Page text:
Along with the rest of the world, scientists are becoming aware of their addiction to plastic. The properties and low purchase cost of plastic have made it a very popular material. For reasons of contamination, laboratories have disposed of plastic waste for years. It was considered a crucial part of scientific research but now many agree that it’s time to change.
The use of glass in laboratories decreased as plastics were considered more durable and cost-effective. Habits of caring for equipment and wash stations were forgotten about and replaced with the rubbish bin. In 2015 three researchers at the University of Exeter started to monitor the waste from their bioscience department. In just one year they counted plastic waste of 267 tonnes generated by 280 scientists.
From learning about their own annual bioscience plastic waste, the researchers could then calculate the global impact. They calculated that globally the 20,543 biologically orientated research centres would be responsible for 5.5 million tonnes of plastic waste. A figure this large could not be ignored and as scientists started to look for alternatives, they noticed the old glass storage cabinet.
Scientific Glass Benefits
The relationship between science and glass has been intertwined for centuries. The development of glass itself could easily be classed as scientific experimentation. The history of glass blowing was transformed in the 1820s industrial revolution. With the invention of the mechanical press, glass blowing became a simpler process. Decorative glass was produced and at the same time, different strengths of glass were developed and tested.
As the glass produced became stronger and more heat resistant, it became an important part of scientific experiments. At the turn of the 20th Century, scientific glassware production started in the UK. As a strong and transparent material, it is perfect for observing chemical changes. Due to its thermal shock resistance and chemical resistance, it can be cleaned at high temperatures for reuse or UV sterilised.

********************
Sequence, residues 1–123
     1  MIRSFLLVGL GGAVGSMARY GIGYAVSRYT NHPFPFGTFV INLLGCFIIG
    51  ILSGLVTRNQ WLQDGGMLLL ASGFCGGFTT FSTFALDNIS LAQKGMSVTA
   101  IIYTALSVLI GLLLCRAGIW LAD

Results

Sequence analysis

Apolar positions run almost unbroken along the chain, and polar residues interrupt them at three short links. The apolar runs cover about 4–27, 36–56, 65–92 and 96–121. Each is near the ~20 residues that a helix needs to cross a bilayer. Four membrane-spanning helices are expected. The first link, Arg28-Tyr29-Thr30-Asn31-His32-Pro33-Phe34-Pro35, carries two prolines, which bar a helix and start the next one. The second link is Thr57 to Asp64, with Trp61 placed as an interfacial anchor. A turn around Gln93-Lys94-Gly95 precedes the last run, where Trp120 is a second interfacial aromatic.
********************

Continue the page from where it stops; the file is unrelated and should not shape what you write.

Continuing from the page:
As a molten moulded material, glass can be manufactured into any shape or size. For specialist experiments, bespoke laboratory glassware can be developed. Scientific glass benefits mean it can be produced in small and large scales creating a range suitable for all different types of experiments.
Will Science Laboratories Stop Using Plastic?
The popularity of plastic grew with the science industries along with the rest of the world. As plastic production developed pipettes and Petri dishes became cheap. As the volume of work grew, it was quicker and easier to use plastic tools and throw them away instead of washing.
Manufacturers will inevitably improve plastic production to have less waste and laboratories will make more effort to reuse. Now it feels like there will be a development for both glass and plastic equipment in science. With Laboratories starting to make more effort to set up washing facilities so both glass and plastic equipment can be reused. The most important change will be in the attitude to laboratory equipment. Scientists need to stop the disposable culture and start to care for and reuse what they can.
Can Old Scientific Glass Be Used?
When scientists start to dust off the old glass equipment held in storage for years, they may question if it is safe to use. Most glass equipment will retain its strength over the years so should be fine to make the most of scientific glass benefits.